Heath Quartet 18th January 2015 – Review by Andrew Polmear

This programme was not one for the faint-hearted: Bartok String Quartet No.1 followed by Beethoven opus 131 and preceded by Wolf’s Italian Serenade – the light-weight piece that is anything but light-weight. Our reward was a concert of sublime musicality, so uplifting that many in the audience hung around afterwards, reluctant to leave the building.

Unpicking what it was that made this happen isn’t hard. The Beethoven and the Bartok are great works, although the Wolf is a tricky, skittish piece that showed off the quartet’s skill without making me want to hear it again. Then there’s the quality of the players. What can I say about the Heath that hasn’t been said before? Their ensemble is impeccable, their playing expressive, ranging from the most delicate pianissimo to the most passionate fortissimo. They don’t seem to play a phrase that hasn’t been thought through. Although they are four very different players, they play with a single voice.

I think there were two other things at play this morning. One is that this audience and the Heath know each other well. They’ve been associated with Brighton Dome for at least seven years and played at the Old Market before that. We know not only how good they are but something of their peculiarities. Oliver Heath leads not by playing loudly – indeed sometimes he seems the softest player of the four – but by his intensity. Cerys Jones on second violin has a particularly mellow tone but also an ability to make her instrument scream with passion when she lets rip on a loud solo, as she did in the second movement of the Bartok. Gary Pomeroy is a delight to watch; he says he doesn’t know he’s smiling but that’s what it looks like. And Christopher Murray on cello has a pizzicato of which a percussionist would be proud – when it’s loud it’s like a pistol shot.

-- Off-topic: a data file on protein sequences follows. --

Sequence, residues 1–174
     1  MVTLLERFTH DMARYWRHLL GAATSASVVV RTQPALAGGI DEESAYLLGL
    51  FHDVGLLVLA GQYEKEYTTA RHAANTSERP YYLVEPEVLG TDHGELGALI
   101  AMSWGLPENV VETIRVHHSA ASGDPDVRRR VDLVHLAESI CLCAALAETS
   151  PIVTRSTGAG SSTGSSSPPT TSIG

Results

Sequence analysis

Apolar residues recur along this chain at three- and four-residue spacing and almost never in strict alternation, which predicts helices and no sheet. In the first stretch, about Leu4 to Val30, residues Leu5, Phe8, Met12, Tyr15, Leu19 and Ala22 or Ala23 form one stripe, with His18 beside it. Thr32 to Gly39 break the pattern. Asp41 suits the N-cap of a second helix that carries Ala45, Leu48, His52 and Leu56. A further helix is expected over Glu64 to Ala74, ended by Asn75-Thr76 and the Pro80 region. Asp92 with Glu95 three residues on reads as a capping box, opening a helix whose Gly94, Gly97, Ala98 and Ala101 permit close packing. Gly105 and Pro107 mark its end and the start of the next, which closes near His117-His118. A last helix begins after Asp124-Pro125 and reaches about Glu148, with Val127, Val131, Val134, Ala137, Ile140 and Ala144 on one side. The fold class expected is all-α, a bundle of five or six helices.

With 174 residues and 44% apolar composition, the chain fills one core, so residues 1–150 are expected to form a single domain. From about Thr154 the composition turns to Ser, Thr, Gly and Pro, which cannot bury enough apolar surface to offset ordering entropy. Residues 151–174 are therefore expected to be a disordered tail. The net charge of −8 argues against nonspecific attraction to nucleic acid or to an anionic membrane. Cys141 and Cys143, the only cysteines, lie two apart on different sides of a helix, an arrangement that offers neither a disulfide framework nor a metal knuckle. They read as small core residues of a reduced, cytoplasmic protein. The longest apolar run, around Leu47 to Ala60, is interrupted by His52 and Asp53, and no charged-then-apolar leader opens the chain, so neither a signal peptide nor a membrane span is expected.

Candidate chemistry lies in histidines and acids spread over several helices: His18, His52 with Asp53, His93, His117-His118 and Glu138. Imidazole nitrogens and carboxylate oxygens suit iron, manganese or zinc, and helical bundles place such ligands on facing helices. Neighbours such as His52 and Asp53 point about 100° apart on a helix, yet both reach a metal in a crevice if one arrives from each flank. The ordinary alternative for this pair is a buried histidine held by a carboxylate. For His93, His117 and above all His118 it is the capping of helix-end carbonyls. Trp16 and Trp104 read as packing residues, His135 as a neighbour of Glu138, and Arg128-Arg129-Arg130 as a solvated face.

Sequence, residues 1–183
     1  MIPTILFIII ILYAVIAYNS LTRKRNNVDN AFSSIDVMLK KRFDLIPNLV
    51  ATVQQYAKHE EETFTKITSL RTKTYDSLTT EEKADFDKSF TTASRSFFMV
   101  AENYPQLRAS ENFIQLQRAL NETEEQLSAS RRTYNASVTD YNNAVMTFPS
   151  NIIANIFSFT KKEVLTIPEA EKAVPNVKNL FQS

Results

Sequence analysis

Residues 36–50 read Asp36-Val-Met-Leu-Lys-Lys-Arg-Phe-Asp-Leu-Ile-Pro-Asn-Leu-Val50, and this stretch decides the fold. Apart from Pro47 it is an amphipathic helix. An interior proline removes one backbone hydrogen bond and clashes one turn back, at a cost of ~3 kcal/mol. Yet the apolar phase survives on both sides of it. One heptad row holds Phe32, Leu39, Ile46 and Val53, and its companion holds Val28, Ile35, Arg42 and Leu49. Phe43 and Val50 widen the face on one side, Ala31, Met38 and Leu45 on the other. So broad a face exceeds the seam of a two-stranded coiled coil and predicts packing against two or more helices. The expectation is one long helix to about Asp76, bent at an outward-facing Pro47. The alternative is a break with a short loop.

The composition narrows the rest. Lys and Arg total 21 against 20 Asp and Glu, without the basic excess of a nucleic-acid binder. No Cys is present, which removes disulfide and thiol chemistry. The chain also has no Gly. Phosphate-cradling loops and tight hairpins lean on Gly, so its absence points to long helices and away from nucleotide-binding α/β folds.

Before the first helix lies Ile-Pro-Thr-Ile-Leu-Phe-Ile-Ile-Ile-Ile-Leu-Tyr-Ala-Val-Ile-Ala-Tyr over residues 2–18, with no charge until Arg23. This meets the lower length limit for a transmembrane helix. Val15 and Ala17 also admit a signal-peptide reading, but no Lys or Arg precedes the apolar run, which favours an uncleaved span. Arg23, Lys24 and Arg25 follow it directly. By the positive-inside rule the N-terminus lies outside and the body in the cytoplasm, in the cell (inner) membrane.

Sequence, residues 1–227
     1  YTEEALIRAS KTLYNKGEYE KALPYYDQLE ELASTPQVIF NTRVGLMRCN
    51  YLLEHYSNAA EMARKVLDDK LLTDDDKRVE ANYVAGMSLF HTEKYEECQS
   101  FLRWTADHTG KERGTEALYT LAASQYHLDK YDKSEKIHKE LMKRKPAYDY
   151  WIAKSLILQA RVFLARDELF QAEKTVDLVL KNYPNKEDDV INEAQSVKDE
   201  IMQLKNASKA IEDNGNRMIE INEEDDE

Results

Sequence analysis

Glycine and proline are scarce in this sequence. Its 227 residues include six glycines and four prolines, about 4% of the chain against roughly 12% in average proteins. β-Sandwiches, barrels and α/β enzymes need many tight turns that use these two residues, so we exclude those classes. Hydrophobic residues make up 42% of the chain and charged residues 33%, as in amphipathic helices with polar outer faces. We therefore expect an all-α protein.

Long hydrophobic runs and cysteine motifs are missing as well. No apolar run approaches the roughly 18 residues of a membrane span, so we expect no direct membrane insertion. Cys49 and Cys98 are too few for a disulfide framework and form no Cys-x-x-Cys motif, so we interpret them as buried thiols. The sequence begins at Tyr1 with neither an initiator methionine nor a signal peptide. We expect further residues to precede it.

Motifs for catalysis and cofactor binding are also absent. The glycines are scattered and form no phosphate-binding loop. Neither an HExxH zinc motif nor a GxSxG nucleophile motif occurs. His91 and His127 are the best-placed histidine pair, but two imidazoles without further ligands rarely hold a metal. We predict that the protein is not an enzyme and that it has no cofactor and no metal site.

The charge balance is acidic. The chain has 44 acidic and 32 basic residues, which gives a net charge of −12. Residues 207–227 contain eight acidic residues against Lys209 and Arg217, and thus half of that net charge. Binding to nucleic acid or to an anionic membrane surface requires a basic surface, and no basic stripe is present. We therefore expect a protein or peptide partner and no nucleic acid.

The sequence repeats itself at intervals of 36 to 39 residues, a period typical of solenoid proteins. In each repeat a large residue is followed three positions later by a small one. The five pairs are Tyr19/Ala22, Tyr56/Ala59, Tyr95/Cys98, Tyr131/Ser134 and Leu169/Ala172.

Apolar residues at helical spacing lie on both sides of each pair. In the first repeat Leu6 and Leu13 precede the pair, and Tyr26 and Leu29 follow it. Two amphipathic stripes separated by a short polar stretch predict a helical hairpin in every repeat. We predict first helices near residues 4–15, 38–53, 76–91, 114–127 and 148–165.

The second thing is playing in the round. The Heath like it. They say it feels as though the audience is there with them; they can play as they do when rehearsing without having to think about projecting to the back of the hall. And the audience likes it. It’s the difference between being on the bank watching a river going over rapids and being in a canoe going over those rapids yourself. You feel the danger and the exhilaration.

Having made those two points, I come back to the essence of the morning: this was a superb performance of two great works. The Heath are working on performing the complete Bartok cycle: that will be worth crossing the country to hear.